How to access insect specimens

Suppose one wanted to become an expert in a particular genus of insects, with many species spread over a large geographic area. Examining specimens and learning the diagnostic characteristics is necessary. But museum specimens are not all concentrated in one place; they are held by many different institutions in many different places.

So, first one would have to find out which museums hold specimens of the genus in question, and secondly would have to gain access to said specimens. How is this normally done?

1 Like

Often museums have a geographic focus of local specimens from their surrounding area e.g. if you want to learn about stuff from Hawai’i, the Bishop Museum is your best bet. Some museums have also had historical focuses on specific regions from further across the world (my examples come from botany, but I believe the concept is the same in entomology) with Kew having done a lot of collecting in Central Africa, Missouri botanical garden doing a lot in Madagascar and Panama, The Field Museum in Guatemala etc.

Your best bet is to look at monographic work which has previously been done on your taxa of interest and see where the deposited their specimens or where they traveled to the view specimens. This will usually be in their methods. Also just ask somebody who is broadly knowledgeable about the group or even a similar group and they can probably give you some leads.

Ultimately, you’ll probably have to do a fair amount of traveling if you want to see everything in person.

Also, try going on GBIF and see if you can search for your taxa and region and see if you can find a breakdown by institution. Use the record type “preserved specimen” The limitation here is that not everything may be on GBIF so you could be missing some major collections.

Many natural history museums now have their catalogue information online. For example:
If you find that particular museum has specimens you need to examine, the usual method is to write to a curator in that department, briefly explain the need, and ask what their procedure is for gaining access.


Asking the curators of the museums is the best starting point. First to learn whether they have some specimens that you’re interested in and secondly to figure out how to access them. If they have an online catalogue then this of course makes it easier for you to figure out if they have interesting material. If you’re not associated with another established institution or museum and if you can’t prove that you are seriously working on this taxon (by publications for example) then it might be a bit harder to access specimens because museums not always show their collections to everybody. Some museums might be more generous than others (collected specimens that are properly ID’ed are very valuable after all). From what I’ve heard, museums also usually only send specimens to other museums or institutions to make sure that the specimens are treated well. Hence, if you’re not associated with a museum or institution don’t expect them to send you specimens.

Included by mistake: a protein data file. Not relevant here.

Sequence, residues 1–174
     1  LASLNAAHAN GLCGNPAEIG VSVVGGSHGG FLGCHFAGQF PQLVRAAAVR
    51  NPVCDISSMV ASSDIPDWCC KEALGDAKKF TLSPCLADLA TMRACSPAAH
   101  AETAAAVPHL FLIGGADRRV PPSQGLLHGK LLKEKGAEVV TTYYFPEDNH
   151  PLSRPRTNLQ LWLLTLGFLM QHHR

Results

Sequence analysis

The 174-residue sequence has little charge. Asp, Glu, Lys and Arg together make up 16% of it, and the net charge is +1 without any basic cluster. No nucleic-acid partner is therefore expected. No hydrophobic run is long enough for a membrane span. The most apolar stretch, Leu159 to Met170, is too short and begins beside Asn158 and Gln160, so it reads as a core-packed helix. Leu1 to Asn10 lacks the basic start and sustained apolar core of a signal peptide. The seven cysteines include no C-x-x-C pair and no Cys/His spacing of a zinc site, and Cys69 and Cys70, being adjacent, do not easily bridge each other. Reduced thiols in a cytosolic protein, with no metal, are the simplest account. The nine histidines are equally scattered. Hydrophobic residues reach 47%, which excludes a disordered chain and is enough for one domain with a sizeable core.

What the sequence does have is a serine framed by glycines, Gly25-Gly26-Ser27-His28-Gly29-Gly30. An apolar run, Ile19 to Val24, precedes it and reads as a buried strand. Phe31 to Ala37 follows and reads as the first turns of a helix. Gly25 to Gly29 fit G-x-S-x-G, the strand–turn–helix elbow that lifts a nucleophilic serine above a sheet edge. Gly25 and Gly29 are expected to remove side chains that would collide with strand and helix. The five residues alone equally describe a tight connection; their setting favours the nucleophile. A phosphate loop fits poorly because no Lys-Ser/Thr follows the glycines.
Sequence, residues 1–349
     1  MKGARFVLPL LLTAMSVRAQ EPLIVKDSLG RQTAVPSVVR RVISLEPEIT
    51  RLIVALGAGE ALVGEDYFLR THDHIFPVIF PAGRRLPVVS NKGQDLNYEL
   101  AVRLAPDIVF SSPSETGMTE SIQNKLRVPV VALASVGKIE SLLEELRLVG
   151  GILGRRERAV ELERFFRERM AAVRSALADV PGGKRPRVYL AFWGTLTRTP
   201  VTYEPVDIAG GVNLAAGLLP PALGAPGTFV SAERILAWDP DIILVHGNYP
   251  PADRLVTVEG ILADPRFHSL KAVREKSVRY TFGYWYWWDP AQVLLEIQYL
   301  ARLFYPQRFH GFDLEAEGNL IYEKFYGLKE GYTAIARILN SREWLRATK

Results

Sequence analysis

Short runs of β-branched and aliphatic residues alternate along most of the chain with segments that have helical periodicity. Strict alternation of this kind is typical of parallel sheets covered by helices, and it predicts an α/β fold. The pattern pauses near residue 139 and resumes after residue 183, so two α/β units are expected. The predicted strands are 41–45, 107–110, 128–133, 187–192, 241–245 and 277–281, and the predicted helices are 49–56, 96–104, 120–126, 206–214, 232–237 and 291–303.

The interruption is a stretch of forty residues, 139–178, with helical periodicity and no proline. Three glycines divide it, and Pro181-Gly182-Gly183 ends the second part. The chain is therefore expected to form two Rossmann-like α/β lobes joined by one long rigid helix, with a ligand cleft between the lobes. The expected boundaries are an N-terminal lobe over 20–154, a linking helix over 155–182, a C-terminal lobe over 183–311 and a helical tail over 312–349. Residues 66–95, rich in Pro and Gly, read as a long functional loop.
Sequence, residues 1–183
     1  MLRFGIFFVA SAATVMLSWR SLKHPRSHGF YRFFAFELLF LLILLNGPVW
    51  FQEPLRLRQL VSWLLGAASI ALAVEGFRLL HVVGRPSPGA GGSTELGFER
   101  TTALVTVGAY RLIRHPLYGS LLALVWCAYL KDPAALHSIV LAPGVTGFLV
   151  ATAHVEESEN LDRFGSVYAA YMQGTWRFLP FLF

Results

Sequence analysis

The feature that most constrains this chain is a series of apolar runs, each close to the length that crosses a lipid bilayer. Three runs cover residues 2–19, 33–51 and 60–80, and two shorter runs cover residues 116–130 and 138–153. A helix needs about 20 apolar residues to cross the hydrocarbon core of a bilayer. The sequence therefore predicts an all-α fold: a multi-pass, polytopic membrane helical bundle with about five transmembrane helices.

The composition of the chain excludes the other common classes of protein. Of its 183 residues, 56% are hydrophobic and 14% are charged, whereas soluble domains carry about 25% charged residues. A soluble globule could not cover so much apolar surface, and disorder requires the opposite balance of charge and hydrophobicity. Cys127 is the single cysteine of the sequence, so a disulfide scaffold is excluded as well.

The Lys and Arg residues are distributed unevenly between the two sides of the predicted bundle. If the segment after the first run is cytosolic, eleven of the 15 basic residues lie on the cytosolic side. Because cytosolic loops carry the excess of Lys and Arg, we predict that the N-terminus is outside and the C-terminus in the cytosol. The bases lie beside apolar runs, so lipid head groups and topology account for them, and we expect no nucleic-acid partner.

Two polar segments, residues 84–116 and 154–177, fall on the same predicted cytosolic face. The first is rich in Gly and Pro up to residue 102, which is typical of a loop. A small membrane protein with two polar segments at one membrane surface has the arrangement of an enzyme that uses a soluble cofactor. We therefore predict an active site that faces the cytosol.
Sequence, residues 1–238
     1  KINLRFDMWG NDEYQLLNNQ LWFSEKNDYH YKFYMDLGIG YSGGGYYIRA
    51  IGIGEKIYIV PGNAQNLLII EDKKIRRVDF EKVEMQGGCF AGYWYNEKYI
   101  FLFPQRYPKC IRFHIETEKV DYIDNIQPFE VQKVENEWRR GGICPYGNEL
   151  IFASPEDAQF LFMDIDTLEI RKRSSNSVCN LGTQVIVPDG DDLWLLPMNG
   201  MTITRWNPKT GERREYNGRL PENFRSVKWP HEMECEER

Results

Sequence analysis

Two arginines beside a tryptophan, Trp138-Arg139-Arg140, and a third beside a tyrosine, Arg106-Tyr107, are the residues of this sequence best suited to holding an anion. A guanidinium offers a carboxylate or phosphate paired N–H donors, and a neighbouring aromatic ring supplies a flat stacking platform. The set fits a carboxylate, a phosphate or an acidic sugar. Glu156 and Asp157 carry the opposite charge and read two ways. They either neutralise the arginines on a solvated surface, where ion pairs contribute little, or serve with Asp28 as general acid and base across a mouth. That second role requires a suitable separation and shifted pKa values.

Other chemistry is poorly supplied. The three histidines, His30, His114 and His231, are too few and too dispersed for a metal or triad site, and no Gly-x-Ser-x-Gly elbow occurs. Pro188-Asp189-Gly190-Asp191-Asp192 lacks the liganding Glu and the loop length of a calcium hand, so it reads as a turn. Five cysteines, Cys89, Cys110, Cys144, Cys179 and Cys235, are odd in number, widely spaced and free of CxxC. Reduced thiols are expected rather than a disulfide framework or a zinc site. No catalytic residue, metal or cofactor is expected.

It should be possible to learn features from a description. I’ve often gone back to the original descriptions to learn the defining characteristics. Every species should have a type description published some place. I’ll often use Google Scholar, but note that some older species descriptions have had changes in Genus, so use the species name to search. Keep in mind that even with a physical specimen a microscope may be essential, and some features can only be seen by dissection.

1 Like

If you’re a scientists who needs type specimens for the work you contact workers of institute they’re stored in and them there’re formal stuff to get it, but, not everything can be achieved that way and for some specimens you have to visit the location and work with them on spot. If you just need those specimens to learn something you need to contact the curator and visit the collection.


I second that starting with an internet search of GBIF or other taxon-specific portals is a good way to figure out which institutions have major collections. This will work for most taxa and many institutions have their collections online to some degree now.

There may be specific taxa or places that aren’t as digitally accessible though, so YMMV.

Once you’ve got the institution you’re interested in, contacting the section curator and expressing your interest and reasons will be the way to go.

1 Like

In some cases a museum may send specimens temporarily to those who request them. Typically when part of taxonomic work, but no harm in asking.

1 Like

This topic was automatically closed 60 days after the last reply. New replies are no longer allowed.